Dave Smith, the synthesizer engineer often referred to as the “Father of MIDI,” has died. He was 72.
Sequential, the synthesizer company Smith founded, announced the news of his death on social media Wednesday. “We’re heartbroken, but take some small solace in knowing he was on the road doing what he loved best in the company of family, friends, and artists,” they wrote.
Smith was born in San Fransisco, California, and graduated from UC Berkeley with degrees in computer science and electronic engineering. He founded Sequential in 1974, and in 1977, he designed the Prophet 5, the world’s first microprocessor-based musical instrument and also the first programmable polyphonic synth.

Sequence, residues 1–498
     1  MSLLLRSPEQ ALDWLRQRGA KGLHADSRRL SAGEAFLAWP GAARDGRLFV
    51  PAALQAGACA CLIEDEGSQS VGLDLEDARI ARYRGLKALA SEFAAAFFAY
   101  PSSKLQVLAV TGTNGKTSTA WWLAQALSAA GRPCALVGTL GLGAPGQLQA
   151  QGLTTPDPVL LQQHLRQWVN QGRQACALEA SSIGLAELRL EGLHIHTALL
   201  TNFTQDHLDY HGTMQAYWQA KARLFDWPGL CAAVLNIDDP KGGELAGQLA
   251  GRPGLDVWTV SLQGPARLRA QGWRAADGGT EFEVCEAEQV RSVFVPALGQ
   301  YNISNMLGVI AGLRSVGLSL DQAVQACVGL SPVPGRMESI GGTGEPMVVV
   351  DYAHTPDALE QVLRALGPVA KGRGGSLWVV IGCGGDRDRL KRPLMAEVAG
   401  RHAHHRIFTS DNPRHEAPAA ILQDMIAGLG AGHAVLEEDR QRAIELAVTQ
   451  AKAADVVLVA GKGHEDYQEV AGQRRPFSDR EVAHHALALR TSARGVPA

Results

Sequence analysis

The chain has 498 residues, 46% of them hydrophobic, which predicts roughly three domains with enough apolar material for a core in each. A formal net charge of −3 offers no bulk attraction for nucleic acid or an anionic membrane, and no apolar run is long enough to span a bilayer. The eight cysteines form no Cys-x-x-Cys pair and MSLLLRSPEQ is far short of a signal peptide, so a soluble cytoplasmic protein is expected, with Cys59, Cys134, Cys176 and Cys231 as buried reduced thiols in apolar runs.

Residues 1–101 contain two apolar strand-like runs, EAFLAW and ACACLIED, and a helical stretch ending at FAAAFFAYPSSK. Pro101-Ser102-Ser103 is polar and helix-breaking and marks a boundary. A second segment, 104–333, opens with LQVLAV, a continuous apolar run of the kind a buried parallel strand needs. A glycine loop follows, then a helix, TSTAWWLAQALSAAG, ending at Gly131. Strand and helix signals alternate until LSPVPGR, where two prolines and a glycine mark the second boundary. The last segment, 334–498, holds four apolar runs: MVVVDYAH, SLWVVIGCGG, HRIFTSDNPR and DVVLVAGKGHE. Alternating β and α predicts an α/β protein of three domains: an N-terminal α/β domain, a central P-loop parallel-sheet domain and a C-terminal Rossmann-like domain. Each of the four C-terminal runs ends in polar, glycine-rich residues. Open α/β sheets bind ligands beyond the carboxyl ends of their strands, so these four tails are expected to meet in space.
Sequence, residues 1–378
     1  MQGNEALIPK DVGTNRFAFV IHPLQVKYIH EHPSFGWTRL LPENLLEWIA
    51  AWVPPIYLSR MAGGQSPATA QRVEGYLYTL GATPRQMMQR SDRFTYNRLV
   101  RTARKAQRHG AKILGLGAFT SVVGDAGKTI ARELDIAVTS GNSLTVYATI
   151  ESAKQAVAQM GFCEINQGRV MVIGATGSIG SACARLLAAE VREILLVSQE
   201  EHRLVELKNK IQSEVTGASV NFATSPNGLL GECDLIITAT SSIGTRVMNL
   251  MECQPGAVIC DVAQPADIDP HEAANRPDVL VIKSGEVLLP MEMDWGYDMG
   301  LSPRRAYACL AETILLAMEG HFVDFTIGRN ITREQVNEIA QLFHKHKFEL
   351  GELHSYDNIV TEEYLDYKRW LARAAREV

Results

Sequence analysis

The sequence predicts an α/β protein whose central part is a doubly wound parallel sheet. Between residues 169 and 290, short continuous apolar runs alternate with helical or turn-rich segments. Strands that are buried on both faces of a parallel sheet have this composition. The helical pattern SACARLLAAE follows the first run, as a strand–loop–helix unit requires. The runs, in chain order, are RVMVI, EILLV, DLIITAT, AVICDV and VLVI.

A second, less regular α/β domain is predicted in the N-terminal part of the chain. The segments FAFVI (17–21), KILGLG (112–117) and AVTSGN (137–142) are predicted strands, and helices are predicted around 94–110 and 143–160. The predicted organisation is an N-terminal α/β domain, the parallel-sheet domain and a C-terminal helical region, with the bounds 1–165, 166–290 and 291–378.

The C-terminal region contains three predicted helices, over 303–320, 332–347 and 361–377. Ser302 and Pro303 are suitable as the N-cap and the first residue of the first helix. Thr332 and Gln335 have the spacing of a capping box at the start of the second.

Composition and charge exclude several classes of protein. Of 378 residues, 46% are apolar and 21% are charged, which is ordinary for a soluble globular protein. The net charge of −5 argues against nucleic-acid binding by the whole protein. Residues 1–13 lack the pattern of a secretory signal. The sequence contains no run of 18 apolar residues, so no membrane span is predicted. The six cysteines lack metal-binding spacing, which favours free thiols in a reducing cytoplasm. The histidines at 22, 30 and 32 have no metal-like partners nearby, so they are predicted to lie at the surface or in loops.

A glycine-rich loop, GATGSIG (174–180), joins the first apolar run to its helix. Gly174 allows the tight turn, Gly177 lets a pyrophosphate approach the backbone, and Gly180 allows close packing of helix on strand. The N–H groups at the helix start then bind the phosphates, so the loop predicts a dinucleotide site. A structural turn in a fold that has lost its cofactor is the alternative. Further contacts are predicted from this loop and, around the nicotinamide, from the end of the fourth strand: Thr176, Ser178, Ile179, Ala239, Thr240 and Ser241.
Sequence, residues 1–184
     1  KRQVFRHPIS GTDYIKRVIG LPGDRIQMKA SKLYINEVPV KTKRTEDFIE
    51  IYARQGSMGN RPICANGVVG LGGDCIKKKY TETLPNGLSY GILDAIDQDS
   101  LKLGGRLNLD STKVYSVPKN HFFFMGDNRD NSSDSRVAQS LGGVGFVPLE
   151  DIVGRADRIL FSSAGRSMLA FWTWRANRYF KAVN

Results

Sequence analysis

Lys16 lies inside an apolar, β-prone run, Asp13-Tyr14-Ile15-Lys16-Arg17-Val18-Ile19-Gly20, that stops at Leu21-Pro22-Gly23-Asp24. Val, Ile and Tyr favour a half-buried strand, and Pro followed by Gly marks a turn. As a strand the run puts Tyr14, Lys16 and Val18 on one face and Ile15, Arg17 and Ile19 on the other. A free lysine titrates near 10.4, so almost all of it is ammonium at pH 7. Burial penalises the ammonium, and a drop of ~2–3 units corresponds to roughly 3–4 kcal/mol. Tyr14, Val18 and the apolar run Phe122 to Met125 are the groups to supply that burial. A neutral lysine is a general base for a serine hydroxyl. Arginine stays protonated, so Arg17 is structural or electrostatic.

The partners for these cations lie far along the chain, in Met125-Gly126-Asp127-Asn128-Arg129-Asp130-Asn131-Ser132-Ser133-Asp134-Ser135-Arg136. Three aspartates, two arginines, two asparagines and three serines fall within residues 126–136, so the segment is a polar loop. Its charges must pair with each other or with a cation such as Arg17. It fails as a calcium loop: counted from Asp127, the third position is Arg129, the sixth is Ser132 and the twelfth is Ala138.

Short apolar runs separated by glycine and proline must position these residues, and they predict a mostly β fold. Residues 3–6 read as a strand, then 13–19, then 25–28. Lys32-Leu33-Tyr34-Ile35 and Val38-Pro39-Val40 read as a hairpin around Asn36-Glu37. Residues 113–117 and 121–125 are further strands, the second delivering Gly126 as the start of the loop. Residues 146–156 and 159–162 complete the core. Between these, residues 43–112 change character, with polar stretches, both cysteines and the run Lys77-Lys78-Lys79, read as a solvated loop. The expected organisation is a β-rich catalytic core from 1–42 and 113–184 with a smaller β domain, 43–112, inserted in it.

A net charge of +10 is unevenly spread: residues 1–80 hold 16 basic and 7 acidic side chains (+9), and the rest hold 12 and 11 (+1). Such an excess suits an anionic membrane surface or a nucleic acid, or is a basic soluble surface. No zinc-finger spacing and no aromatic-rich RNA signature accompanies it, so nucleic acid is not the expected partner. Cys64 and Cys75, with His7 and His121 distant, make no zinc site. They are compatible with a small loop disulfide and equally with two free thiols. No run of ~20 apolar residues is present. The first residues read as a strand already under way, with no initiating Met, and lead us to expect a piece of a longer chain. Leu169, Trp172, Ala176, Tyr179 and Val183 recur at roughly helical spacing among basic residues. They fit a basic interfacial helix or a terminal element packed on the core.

By the early 1980s, Smith had begun developing what would become known as “Musical Instrument Digital Interface,” aka MIDI. This allowed musicians and producers to be able to connect instruments from different manufacturers, marking an extraordinarily influential invention that’s still used frequently today. In 1987, Smith sold Sequential to Yamaha, and would go on to launch Dave Smith Instruments in 2002.
Smith worked for a number of companies throughout the latter part of his career, including Korg and Yamaha, where he continued developing synthesizers. He received a number of accolades for his contributions to the recording industry, including an induction into the Mix Foundation TECnology Hall of Fame for the MIDI specification, as well as a Technical Grammy (along with Ikutaro Kakehashi) for contributions to the development of MIDI technology.
In 2015, Yamaha returned the Sequential name to Smith in a goodwill gesture. Dave Smith Instruments then rebranded as Sequential.